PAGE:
Building Self-Compassion

In my previous post I talked about the importance of self-compassion for your mental health. I also touched on why you may struggle with self-compassion. We are very tough on ourselves. Many of us tend to set unrealistic high expectations and negative self-talk ensues when we fall short. You can read more about that here

Building self-compassion is necessary in your healing process regardless of if you’re healing from trauma, depression, anxiety, coping with a disorder, or grief. You need self-compassion.

Thinking errors that block self-compassion.

One type of thinking error is “should have”, “would have”, “could have” thinking. “I should have seen it coming.” “I could have prevented it from happening, so it is my fault.” “I would have left sooner in the relationship.” This type of thinking error leads to self-gaslighting and self-shaming. 

Another type of thinking error that prevents building self-compassion is personalization. Personalization means blaming yourself for what happened. You assume all responsibility even if the situation was completely out of your control. I talked more about this here.

Mind reading is another thinking error that can block self-compassion. Mind reading is when you assume what other people are thinking. You may assume that people are judging you for the way you look or how you act. You may assume that people would say you were to blame for what happened to you in your past. You build up an imaginary team of people who are against you. This prevents self-compassion because you tell yourself everyone thinks negatively about you, and you start to believe it.

Filtering is a thinking error where you filter out all the positive and only focus on the negative. It is easy to see how this can prevent from building self-compassion because you are solely focused on the negatives about yourself and a situation. There is no space for positives.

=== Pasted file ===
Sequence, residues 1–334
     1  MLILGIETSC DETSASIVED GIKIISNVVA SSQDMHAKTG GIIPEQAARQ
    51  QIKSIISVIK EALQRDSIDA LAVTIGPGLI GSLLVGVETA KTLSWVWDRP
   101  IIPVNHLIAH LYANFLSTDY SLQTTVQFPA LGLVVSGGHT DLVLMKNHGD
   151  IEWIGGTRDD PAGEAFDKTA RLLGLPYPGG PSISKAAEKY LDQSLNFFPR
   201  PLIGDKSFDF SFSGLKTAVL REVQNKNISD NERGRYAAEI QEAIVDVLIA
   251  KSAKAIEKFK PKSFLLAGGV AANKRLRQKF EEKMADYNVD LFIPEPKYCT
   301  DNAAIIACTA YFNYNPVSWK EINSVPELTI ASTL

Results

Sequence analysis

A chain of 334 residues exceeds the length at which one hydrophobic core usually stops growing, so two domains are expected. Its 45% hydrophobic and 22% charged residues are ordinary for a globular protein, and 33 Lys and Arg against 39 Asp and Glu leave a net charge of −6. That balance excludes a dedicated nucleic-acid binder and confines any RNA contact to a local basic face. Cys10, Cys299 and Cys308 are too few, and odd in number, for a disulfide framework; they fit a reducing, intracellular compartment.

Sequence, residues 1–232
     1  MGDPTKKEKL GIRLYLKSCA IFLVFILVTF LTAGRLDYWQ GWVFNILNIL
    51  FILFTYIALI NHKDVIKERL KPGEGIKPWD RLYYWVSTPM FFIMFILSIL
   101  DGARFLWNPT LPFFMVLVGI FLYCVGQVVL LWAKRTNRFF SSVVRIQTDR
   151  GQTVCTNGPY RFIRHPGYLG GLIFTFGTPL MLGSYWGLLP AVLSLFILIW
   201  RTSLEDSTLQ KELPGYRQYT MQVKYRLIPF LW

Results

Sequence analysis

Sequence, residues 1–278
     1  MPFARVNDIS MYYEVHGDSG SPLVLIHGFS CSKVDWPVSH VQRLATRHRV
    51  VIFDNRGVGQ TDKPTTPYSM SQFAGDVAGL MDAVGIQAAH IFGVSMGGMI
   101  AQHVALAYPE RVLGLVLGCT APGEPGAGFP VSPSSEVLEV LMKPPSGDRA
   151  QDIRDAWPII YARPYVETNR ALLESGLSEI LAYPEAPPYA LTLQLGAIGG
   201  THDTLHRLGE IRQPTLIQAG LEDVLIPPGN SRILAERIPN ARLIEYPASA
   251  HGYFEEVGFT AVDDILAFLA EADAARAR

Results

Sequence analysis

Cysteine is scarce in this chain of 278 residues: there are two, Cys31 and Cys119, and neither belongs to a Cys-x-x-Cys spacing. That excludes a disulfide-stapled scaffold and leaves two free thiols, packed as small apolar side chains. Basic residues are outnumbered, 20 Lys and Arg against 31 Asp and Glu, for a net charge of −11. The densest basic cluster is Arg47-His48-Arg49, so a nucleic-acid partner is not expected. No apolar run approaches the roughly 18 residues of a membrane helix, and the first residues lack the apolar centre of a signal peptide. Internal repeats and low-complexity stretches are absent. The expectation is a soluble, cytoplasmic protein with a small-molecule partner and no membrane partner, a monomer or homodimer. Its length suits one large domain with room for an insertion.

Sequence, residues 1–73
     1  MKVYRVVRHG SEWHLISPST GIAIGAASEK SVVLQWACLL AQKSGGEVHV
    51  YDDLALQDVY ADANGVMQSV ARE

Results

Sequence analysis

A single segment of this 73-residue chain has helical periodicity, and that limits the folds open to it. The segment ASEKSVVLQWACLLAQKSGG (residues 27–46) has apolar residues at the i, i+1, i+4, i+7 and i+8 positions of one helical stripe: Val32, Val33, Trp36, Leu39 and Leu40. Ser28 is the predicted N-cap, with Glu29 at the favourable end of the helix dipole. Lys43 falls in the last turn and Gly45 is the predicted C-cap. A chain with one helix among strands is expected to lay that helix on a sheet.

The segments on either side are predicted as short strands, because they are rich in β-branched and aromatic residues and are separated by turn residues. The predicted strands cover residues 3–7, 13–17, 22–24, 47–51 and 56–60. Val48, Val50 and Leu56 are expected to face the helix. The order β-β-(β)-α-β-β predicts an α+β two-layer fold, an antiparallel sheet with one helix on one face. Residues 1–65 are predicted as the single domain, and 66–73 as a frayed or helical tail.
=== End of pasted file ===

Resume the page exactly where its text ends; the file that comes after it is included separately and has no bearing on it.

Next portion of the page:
Click here if you want to read more about other kinds of thinking errors.

Tools for building self-compassion.

One way to work on building self-compassion is to challenge your thinking errors. 

  • Grab a journal and write out all the thinking errors you can identify. Keep the journal with you throughout your day so you can add to the list as they come up. 
  • You can then start by fact checking your “should” thinking errors and your personalization thinking errors. It may be helpful to have a 3rd party help with this whether that be a friend or a therapist as sometimes thinking errors completely distort your thinking. Look at the logical facts of the situation and ask yourself if the conclusions you are drawing about yourself are logical based on the facts. If you find hindsight bias in your thinking you must challenge that with the logic that you did not know then what you know now. Circle the truth when you find it.
  • For mind-reading thinking errors it is best to talk with others to hear their thoughts and perspectives. There is no room for assumptions when we have open conversations with others and get their insight. 
  • If you struggle with filtering thinking errors, start each day with writing out 5 positives about yourself and 5 positives about the world. Any time you find yourself looking at the negatives during the day, stop and identify 5 more positives. We come to believe what we tell ourselves. So, if you start focusing on the positives, you will come to believe them.
Journaling is one way to work on building self-compassion.

Another tool for building self-compassion is to find a picture of yourself as a child and tape that picture to your bathroom mirror. Every time you look at that picture ask yourself “would say that to the little kid in the picture?” If the answer is no, then you need to challenge that self-talk and reframe it.

You can also work on building self-compassion by talking to yourself as if you were talking to a friend or family member. If someone close to you came and told you about an abusive relationship that they were in, would you sit there and tell them “you are stupid and it is all their fault.” Or “how could you be so dumb to stay in that relationship any longer?” Hopefully the answer is no. If you would not say it to a friend or family member, then don’t say it to yourself.